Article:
LOS ANGELES — Bailey Falter sat Monday night on a folding chair in the visiting bullpen at Dodger Stadium as the type of situation he flew to California to handle unfolded 360 feet away.
The Phillies promoted Falter before a 3-1 loss to the Dodgers to work in tandem with Spencer Howard as a “piggyback” reliever. Howard, the Phillies hoped, would give them a few innings before they turned to Falter.
But Falter remained seated when Howard’s command started to waver in the fourth inning. Howard walked Mookie Betts, allowed a two-run homer to Will Smith, and threw 27 pitches to record three outs.
He finished the inning with a strikeout and gave the Phillies four innings, which seemed to be what they were hoping for.
The fifth appeared like the time for the Phillies to insert Falter. But the pitcher’s spot was due up in the sixth and Joe Girardi said he wanted to avoid a double switch. So his options for the fifth were leaving in Howard or inserting Connor Brogdon.
Girardi rolled with Howard, hoping the pitcher could give the Phillies one more inning. Instead, he lasted just one batter as Chris Taylor started the fifth with a homer to left.
“I think, overall, it’s a step in the right direction,” said Howard, who struck out four and allowed two hits, both of which were homers. “Holding mechanics a little bit longer. I think it was later in the game, it was a matter of flicking in more off-speed for strikes to get them off the heater. These guys aren’t going to miss fastballs down the middle. Both home run pitches, I just backed myself into a corner. They know the fastball is coming and then miss, too much of the plate.”
The Phillies are watching Howard’s workload this season as they try to ease the right-hander after two injury-shortened seasons. Instead of turning to the bullpen after his shortened starts, the Phillies are employing a “piggyback” approach where a designated reliever is ready to be employed once Howard is finished.
They used Ranger Suarez in that role before moving the lefthander to the back of their bullpen after he allowed just one run in 21⅓ innings. That led them to promote the left-handed Falter — a starter at triple A — as the Phillies are committed to having him and Howard practically share the fifth spot in the rotation.
“We have not given up a lot of runs,” Girardi said of the team’s “piggyback” games. “I definitely think it can work.”
It may have worked even better on Monday if the Phillies went a batter early to their bullpen. Brogdon retired the three batters he faced after relieving Howard following Taylor’s homer. And Falter, who had a 1.82 ERA at triple A, allowed just one hit in three scoreless innings.
Taylor’s homer put the Phillies in what seemed like an insurmountable two-run hole as the offense struggled to deliver a big hit. Perhaps that deficit stays at one run if Brogdon or Falter start the fifth. Instead, they watched from 360 feet away.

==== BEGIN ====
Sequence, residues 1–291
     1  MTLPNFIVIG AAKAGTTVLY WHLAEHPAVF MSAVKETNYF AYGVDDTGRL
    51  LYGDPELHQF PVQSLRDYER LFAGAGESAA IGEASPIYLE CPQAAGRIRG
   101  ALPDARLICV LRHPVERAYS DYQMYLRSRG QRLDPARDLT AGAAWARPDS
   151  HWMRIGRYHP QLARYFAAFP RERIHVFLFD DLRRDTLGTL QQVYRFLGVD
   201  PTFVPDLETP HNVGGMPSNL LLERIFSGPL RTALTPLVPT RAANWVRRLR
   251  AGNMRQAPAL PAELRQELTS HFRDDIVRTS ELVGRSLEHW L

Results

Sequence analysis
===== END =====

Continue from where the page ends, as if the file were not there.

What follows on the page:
“He struck out Matt Beaty and looked pretty good there,” Girardi said of Howard’s strike out to end the fourth. “So I said ‘You know what, I’m going to see.’ I had Brogdon ready and he gave up another home run.”
Taylor’s home run would not have felt so crushing if the Phillies were able to cash in on their own chances. They scored just one run, but wasn’t for a lack of opportunities. The Phillies went just 1-for-11 with runners in scoring position and left 10 runners on base.
The Phillies outhit the Dodgers, 8-3, but that meant little when two of LA’s three hits were homers. The Phils scored their lone run in the first inning but ended the inning with the bases loaded. They left the bases loaded again in the fourth.
“It’s tough. I don’t think we got much help from the umpire in the one inning with Spencer Howard and Ronald Torreyes and that’s pretty frustrating,” Girardi said of the two strikeouts in the fourth with two runners on. “We got some opportunities and we didn’t cash in on them. That’s the difference in the game.”
Time to rest Hoskins?
Phillies manager Joe Girardi could be inclined to give Rhys Hoskins a day off after he went 0-for-4 to continue a difficult month. Hoskins is hitless in his last 30 at-bats with his last hit coming on June 5. His 0-for-30 slump is the longest by a Phillies player since 2015 when Ryan Howard went 0-for-35.
“You could think about it,” Girardi said before the game about sitting Hoskins. “… People sometimes say, ‘If you change, if you change.’ If you change every time and try to hit the right guy, it’s hard to do. So I think consistency is important for these guys.”
Before his slump, Hoskins was hitting .338 with a 1.013 OPS as he was the team’s hottest hitter for a large stretch of the season.
“Before this period, Rhys was the guy that was carrying us,” Girardi said. “So he’s just in a little funk. He’ll come out of it. I’m not worried about that.”
What was that?
Howard picked up his first strikeout with a 73.2 mph curveball that froze Mookie Betts. The slow-curve broke with a steep drop and Betts — one of baseball’s premier hitters — could only watch it.
“Every once in a while,” Howard said of throwing the looping curve. “I’m not intentionally trying to make it super slow but I have been getting a little bit too obsessed with getting perfect rotation on the ball. So that makes my arm slot rise a little bit and get less whippy. But at the end of the day, if I just rip it and throw it with intent, that would be a little bit sharper.”
Zach Eflin starts Tuesday (10:10 p.m.) vs. Dodgers lefthander Julio Urias. It could be a chance for Girardi to start Luke Williams, who has been out of the lineup for three straight games. Williams was used Monday night as a pinch-hitter when the Dodgers inserted left-handed reliever Victor Gonzalez. Williams, who grew up outside LA, dropped a two-out single into center, much to the delight of the large group of family and fans that sat behind the Phils’ dugout.